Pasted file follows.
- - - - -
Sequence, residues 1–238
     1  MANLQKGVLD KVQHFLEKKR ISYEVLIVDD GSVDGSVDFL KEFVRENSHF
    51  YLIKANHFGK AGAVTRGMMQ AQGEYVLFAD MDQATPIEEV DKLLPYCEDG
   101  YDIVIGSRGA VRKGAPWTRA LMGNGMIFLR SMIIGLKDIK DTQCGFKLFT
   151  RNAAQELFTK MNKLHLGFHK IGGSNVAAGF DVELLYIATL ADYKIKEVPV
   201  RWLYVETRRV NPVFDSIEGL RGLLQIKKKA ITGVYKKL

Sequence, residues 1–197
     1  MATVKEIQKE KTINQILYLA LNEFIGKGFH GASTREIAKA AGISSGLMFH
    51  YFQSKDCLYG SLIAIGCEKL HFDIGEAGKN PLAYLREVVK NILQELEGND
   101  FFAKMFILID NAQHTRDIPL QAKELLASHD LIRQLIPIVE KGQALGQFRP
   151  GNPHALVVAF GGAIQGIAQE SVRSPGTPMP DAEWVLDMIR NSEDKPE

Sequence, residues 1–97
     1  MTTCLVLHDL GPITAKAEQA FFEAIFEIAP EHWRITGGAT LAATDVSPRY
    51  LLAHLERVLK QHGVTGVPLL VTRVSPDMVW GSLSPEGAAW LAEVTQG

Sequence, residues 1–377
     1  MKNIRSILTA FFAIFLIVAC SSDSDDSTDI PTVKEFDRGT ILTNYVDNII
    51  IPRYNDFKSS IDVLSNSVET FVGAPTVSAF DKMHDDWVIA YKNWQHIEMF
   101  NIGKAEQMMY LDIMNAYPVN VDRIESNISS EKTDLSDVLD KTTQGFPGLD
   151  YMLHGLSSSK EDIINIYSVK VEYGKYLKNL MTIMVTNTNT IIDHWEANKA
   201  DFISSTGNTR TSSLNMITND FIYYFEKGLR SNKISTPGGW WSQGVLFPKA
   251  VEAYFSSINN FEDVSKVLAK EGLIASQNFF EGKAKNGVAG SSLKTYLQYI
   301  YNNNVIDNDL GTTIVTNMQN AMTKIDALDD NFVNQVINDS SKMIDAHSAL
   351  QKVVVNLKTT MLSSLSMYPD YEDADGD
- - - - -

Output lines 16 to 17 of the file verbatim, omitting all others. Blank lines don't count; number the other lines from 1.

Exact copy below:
     1  MKNIRSILTA FFAIFLIVAC SSDSDDSTDI PTVKEFDRGT ILTNYVDNII
    51  IPRYNDFKSS IDVLSNSVET FVGAPTVSAF DKMHDDWVIA YKNWQHIEMF